By: Pramod Thomas
GERMAN chancellor Olaf Scholz said on Saturday (25) that he and India’s prime minister Narendra Modi were committed to sealing a free trade deal between India and the European Union (EU).
“It’s an important topic and I’ll get personally involved,” Scholz said after his meeting with Modi in New Delhi.
The EU and India revived negotiations to forge a free trade agreement last year with the aim of completing talks by the end of 2023.
For the EU, a free trade agreement with India would fit its strategy of increasing engagement with the Indo-Pacific region, where the bloc is targeting bilateral deals to take advantage of expected higher economic growth. The deal could also act as a counterbalance to China’s growing influence in the region.
Scholz met Modi a day after the first anniversary of Russia’s invasion of Ukraine. His visit along with a large business delegation highlighted Delhi’s growing importance to Western powers seeking backing for their opposition to Moscow’s war.
“The war has been going on a full year now. It’s a horrible war with much destruction… It is a big catastrophe,” he said.
“The world is suffering from this aggression… but we will do everything we can so that the world remains a good place,” he said adding that cooperation between India and Germany was “very, very important”.
Modi has been seeking to steer an ongoing Group of 20 meeting away from discussion of the war in Ukraine. His government has not openly criticised Moscow for the invasion and instead called for dialogue and diplomacy to end the war.
India has also sharply raised its purchases of oil from Russia, its biggest supplier of defence hardware, although prices have fallen.
Modi said India and Germany were committed to realising their untapped potential in sectors such as security and defence cooperation.
Scholz is also set to push hard for a $5.2 billion (£4.4bn) deal to sell India six conventional submarines, though this latest attempt by a Western military manufacturing power to wean New Delhi away from its dependence on Russia for military hardware is not expected to yield an immediate result.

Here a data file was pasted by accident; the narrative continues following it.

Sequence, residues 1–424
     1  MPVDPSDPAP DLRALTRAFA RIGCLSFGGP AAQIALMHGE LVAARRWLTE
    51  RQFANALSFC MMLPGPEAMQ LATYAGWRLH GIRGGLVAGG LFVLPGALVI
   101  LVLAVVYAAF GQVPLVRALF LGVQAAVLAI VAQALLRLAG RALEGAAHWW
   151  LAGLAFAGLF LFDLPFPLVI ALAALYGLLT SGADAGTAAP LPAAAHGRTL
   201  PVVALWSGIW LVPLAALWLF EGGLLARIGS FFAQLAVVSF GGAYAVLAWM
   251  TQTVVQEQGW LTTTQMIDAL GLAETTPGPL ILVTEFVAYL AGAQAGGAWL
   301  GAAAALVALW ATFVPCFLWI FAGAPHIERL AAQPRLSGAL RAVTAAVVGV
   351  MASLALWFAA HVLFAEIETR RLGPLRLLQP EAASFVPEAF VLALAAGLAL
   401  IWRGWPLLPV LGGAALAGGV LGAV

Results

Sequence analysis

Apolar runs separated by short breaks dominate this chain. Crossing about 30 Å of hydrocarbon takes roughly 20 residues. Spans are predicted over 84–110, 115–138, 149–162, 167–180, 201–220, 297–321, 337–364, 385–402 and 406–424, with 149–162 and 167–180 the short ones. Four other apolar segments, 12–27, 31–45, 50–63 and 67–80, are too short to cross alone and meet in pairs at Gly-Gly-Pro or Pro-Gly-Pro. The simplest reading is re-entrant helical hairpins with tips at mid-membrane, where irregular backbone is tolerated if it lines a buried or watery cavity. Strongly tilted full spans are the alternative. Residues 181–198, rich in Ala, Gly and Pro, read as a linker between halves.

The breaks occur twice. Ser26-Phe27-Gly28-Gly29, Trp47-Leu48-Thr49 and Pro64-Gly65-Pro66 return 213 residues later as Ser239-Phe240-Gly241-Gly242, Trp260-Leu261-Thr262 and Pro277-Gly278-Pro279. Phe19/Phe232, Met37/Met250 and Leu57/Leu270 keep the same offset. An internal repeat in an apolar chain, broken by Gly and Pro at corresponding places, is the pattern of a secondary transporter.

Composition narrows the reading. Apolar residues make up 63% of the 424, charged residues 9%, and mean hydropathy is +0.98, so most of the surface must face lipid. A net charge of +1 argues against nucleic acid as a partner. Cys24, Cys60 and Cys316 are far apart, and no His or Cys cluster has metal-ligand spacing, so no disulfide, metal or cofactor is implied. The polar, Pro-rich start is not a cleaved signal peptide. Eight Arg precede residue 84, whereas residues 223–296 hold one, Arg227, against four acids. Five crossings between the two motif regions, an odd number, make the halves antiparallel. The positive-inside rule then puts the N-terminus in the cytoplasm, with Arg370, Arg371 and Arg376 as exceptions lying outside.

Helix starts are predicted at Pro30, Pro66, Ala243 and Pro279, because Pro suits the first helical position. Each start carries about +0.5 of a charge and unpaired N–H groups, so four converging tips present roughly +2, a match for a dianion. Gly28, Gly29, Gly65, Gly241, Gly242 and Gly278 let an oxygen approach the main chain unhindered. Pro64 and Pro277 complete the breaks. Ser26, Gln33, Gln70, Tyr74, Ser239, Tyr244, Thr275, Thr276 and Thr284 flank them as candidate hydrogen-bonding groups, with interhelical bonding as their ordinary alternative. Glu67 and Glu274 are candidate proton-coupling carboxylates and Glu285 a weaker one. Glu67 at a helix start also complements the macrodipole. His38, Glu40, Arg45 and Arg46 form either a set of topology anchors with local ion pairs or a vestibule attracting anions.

Germany’s pivot to India is particularly stark, given that close economic ties to China, the main buyer of German machine tools, and Russia, its key energy supplier, have played in German prosperity over the past 15 years.
While one of the stated goals of the lightning trip is to improve economic ties, officials are mindful of the need to press what will soon be the world’s most populous country into opposing Russia’s invasion, even if a severing of India’s economic ties with Moscow is not on the table.
“I’m convinced that our countries are closely linked, that we have common views, especially when it has to do with democracy,” said Scholz.
Many in the Global South see Western complaints about the invasion as hypocrisy, given their long history of military interventions around the world, and fear disrupted supply chains and inflation will cause hunger and famine.
Scholz last met Modi at a June summit of the Group of Seven industrial powers, to which he invited the Indian leader as part of outreach efforts that have become more urgent as concerns grow that China may step up its political support for Russia.
While China is one of Germany’s most important trading partners, the invasion brought home to many in Germany’s business community the lack of diversification in the supply chains on which they rely, lending new urgency to efforts to boost exposure to a huge potential market.
Scholz said the investments of the 1,800 German companies already in India should be increased.
Despite the interest, regulation and trade barriers make India a tough market for German companies to crack.
The two leaders also discussed climate change and members of the business delegation signed agreements in wind, solar energy and green hydrogen sector.